During 6 months all consecutive subjects who consulted the outpatient department of the Department of Occupational Health Medicine of the Medical University of Vienna for routine medical checkups were asked to participate in the investigation. Twenty people refused to participate; finally 209 employees (49 men and 160 women with a mean age of 38 years) were included. None of the participants had recently seen a doctor because of primary complaints related to venous disorders. Three groups were defined: group 1: doctors and nurses (n = 71; 34%), group 2: medical technicians, secretaries, and scientific staff (n = 68; 33%), and group 3: cleaners and general staff (n = 70; 33%).

Based on physical examination by the same physician, patients were diagnosed as suffering from signs and symptoms of CVD (CEAP classes C2, C3 and C4) or as being free of CVD (CEAP classes C0 and C1). Endogenous risk factors, ie, family history of venous disease, history of deep venous thrombosis, current oral contraceptive treatment, and exogenous risk factors, ie, frequency of sauna or tanning visits and standing periods in hours per day during work, were surveyed by questionnaire. A body mass index (BMI) >30 was defined as overweight (dietary guidelines for Americans, 2000).
To evaluate the restriction in quality of life, subjects were asked about temporary or permanent occurrence of heavy legs, edema, pruritus, pigment alterations, restless legs, burning legs, paresthesia, and cramps of the lower extremities.
The intensity of these symptoms was graded into four classes (none, mild, moderate, severe). The number of days absent from work in relation to CVD during the last year was documented.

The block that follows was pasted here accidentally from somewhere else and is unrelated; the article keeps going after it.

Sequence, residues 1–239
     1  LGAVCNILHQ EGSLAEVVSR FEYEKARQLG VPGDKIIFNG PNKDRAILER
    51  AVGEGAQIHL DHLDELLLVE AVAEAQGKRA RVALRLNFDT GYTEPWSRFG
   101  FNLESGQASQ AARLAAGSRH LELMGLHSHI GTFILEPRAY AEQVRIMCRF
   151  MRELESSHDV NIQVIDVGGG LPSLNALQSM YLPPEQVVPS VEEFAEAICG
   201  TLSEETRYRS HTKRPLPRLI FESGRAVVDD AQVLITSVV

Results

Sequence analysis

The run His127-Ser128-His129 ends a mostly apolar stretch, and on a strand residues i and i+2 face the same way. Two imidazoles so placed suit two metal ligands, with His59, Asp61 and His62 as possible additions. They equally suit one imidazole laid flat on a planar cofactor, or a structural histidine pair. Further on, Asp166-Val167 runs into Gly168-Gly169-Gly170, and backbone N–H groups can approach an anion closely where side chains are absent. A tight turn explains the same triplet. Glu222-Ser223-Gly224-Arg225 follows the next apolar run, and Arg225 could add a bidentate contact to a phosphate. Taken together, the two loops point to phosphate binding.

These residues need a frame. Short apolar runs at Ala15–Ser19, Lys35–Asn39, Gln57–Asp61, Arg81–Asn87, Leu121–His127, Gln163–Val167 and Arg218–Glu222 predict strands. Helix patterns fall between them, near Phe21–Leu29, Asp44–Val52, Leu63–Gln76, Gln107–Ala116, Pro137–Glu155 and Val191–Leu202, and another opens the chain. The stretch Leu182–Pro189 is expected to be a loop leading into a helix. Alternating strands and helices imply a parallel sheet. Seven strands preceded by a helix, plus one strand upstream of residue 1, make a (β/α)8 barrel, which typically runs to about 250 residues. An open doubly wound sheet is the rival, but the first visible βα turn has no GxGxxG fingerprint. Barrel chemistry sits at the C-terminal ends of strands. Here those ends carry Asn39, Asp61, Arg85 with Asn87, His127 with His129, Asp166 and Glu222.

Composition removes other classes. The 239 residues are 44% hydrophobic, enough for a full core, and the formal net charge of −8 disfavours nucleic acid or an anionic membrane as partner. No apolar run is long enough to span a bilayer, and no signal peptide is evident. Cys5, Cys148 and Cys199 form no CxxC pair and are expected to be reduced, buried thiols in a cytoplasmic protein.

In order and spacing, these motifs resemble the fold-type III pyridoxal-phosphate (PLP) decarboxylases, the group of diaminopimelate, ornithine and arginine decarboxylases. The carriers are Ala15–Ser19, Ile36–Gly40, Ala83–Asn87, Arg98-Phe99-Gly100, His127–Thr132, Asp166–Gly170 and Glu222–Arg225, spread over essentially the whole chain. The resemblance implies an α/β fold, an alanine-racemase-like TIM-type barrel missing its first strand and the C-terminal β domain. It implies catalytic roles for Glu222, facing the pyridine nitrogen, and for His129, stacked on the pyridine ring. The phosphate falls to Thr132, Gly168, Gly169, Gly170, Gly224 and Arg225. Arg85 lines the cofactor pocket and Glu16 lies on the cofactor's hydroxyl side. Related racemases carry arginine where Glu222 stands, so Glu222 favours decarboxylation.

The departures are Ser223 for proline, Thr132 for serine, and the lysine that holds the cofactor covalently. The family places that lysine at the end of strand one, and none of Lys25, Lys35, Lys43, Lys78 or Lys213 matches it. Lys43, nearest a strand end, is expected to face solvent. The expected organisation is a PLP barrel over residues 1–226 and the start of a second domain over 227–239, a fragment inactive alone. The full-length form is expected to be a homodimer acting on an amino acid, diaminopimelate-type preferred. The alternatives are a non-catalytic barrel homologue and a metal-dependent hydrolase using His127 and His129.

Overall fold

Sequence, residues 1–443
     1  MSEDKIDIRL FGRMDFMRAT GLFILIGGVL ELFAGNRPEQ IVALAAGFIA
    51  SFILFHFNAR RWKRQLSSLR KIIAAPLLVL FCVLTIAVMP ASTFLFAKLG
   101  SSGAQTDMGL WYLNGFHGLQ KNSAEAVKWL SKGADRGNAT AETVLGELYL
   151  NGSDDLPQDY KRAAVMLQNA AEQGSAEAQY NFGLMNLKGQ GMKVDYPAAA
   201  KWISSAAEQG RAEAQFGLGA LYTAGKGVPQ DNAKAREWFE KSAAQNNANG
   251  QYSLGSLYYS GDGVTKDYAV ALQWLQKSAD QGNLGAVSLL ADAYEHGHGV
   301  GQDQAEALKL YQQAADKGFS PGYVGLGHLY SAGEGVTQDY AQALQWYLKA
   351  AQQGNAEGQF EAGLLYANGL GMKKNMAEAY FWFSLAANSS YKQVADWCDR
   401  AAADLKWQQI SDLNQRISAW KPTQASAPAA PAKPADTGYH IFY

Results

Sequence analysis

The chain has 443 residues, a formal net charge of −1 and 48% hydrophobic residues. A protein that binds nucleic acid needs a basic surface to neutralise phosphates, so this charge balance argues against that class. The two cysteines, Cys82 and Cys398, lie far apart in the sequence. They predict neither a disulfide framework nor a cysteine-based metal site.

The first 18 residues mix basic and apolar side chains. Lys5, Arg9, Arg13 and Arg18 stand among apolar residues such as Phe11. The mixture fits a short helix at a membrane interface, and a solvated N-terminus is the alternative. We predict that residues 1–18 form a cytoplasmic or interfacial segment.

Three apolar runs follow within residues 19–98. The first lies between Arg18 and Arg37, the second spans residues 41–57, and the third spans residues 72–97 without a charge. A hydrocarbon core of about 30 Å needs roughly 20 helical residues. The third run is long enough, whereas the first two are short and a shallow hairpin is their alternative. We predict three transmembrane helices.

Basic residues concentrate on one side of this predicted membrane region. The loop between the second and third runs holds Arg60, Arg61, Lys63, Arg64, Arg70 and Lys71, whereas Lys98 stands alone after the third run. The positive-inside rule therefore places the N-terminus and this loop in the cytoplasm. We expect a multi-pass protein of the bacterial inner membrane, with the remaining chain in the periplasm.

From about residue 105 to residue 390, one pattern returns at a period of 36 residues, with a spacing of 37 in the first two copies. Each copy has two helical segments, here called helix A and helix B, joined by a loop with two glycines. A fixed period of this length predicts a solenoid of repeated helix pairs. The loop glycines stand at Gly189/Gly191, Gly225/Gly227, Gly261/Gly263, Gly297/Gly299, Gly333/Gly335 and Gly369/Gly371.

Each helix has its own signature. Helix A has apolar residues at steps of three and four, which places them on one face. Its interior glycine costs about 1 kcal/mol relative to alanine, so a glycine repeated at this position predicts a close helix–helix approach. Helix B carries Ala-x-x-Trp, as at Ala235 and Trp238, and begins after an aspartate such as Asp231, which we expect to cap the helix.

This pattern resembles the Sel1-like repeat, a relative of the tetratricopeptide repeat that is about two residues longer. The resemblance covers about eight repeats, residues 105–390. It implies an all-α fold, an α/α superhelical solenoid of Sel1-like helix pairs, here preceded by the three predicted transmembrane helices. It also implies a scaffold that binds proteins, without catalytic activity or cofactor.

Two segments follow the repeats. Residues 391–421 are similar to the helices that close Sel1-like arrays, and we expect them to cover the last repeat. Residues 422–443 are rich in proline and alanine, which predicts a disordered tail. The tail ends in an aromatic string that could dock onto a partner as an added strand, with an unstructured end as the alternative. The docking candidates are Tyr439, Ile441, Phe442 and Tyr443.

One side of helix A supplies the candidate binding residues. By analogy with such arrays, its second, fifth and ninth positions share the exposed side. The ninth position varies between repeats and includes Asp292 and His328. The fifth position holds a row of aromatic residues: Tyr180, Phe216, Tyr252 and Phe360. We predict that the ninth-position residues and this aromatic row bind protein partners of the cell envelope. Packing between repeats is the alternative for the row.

Demographics and venous risk factors of 209 participants are given in Table II. 139 subjects presented without CVD (104 subjects with C0, and 35 subjects with C1, who were not taken into consideration for symptomatic CVD). A total of 70 subjects (34%) could be classified as having occurrence of CVD, 17% C2 (n = 36), 12% C3 (n = 24) and 5% C4 (n = 10). No C5 or C6 class could be found. The mean age of subjects with occurrence of CVD was not different from that of subjects without CVD (41 years versus 37 years; P < 0.77). Signs and symptoms of CVD were present in 39% of females (n = 63) but only in 15% of males (n = 7), whereby the study population consisted of 3 times more females than males. Within the different professional subgroups group 2 had the lowest severity grading of CVD, and group 3 the highest risk profile for the development of severe CVD (P < 0.02; Table III). Concerning the investigated endogenous risk factors, the only correlation with occurrence of CVD was found for history of deep venous thrombosis. The three subjects who had suffered from earlier deep venous thrombosis were suffering from CVD symptoms, defined as “post-thrombotic syndrome.” Neither intensive sauna nor artificial tanning treatment, nor oral contraceptives (n = 45) were found to be associated with higher incidence of CVD. Subjects with occurrence of CVD spent a significantly longer mean standing period at work than subjects without signs and symptoms of CVD (8.3 hours per day versus5.9 hours per day; P < 0.02). Fifty subjects reported feeling restricted in their quality of life due to diverse symptoms of CVD, including cramps, edema, pruritus, and restless legs, whereby 31 subjects (group 1: n = 10; group 2: n = 7; group 3: n = 14) felt temporary restricted, predominantly in the evening; 19 patients (group 1: n = 2; group 2: n = 3; group 3: n = 14) stated that they suffered permanently from these symptoms. None of the 209 subjects had stayed absent from work during the past last year due to complaints of CVD.

Table II
Table II. Demographics and risk profile for chronic venous disease for the 3 professional subgroups.*
* Group 1: doctors and nurses (n = 71)
Group 2: medical technicians, secretaries, and scientific staff (n = 68)
Group 3: cleaners and general staff (n = 70)

Table III
Table III. Correlation of classification of CVD and 3 different professional subgroups* (P < 0.02).